After this quarter I am convinced, now more than ever, that Alcoa is on track for a good year. But until it actually has one, this might not matter. The headwinds against the stock are that strong. The worries about its debt picture, despite its cash position, are that deep -- deep enough that an analyst on the call still felt compelled to ask if Alcoa needs to issue equity in order to fix its balance sheet and pay the debt off that comes due this year.
Klaus Kleinfeld is the Rodney Dangerfield of CEOs. He does not get the respect he so very much deserves. One day it will happen. It just isn't happening now. I think it is a mistake that it isn't. But no judgment could be less consequential than mine about this vastly transformed company and its tremendous book of business.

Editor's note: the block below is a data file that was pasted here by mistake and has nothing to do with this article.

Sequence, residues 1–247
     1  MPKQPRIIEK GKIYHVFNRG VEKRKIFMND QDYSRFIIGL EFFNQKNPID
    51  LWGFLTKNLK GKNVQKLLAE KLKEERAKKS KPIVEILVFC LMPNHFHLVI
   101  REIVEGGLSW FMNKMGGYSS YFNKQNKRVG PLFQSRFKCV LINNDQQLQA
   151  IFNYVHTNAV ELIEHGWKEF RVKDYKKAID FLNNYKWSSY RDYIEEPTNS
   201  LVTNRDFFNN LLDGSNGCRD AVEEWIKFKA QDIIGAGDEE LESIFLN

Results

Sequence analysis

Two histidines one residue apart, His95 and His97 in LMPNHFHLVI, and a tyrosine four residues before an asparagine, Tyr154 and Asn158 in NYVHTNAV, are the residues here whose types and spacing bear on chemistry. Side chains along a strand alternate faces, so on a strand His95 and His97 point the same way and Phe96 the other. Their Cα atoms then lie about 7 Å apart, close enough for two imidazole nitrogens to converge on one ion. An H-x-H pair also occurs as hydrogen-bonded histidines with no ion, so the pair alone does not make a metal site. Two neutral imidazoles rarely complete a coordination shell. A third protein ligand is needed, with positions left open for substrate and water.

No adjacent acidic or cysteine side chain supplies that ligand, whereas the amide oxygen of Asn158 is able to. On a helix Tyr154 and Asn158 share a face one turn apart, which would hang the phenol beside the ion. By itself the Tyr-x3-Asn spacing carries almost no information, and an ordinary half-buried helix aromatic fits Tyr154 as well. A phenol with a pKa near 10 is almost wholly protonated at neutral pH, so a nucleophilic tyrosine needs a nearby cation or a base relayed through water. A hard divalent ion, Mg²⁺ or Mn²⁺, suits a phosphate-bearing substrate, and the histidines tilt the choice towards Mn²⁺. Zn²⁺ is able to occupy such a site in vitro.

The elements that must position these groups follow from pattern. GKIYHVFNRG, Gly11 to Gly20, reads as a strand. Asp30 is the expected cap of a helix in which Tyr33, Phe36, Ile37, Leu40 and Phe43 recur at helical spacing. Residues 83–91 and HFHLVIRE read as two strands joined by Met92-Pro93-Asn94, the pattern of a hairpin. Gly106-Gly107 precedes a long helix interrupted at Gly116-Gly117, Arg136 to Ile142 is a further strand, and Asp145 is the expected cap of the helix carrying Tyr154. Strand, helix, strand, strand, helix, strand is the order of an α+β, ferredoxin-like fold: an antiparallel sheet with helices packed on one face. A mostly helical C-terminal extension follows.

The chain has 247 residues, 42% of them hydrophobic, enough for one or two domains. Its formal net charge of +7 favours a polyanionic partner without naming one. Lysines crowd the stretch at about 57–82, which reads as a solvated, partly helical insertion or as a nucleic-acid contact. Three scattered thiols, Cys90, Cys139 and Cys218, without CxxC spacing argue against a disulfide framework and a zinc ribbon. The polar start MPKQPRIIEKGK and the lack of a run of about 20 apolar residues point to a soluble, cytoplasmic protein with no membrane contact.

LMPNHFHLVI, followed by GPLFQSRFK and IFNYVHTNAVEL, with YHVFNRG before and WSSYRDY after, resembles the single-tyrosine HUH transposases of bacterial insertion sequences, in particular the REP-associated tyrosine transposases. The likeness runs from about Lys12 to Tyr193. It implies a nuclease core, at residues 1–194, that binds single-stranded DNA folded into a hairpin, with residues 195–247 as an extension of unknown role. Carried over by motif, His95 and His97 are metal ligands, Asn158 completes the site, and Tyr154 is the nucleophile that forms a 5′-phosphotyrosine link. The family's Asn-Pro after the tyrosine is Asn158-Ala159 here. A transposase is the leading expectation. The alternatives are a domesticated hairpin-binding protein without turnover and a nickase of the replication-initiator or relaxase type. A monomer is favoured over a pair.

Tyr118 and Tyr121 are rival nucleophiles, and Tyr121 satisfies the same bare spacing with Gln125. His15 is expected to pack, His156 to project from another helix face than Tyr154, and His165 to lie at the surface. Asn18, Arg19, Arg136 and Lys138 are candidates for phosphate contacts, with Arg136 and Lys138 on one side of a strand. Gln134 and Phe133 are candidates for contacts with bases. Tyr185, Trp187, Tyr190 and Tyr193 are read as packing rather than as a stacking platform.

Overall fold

One day that judgment will gain clout, and the stock will go back to where it was a couple of years ago -- when the company was not doing as well as it is now.
But not yet. Unlike so many other stocks, moreover, Alcoa is not paying you to wait, given that meager 1.4% dividend yield. Let's just hope, for Alcoa's sake, that it won't be because of a merely rising yield, but because of an increased payout. Maybe that's the only way for Kleinfeld to get respect and for his company's stock to reach the heights it deserves.Action Alerts PLUS, which Cramer co-manages as a charitable trust, has no positions in the stocks mentioned.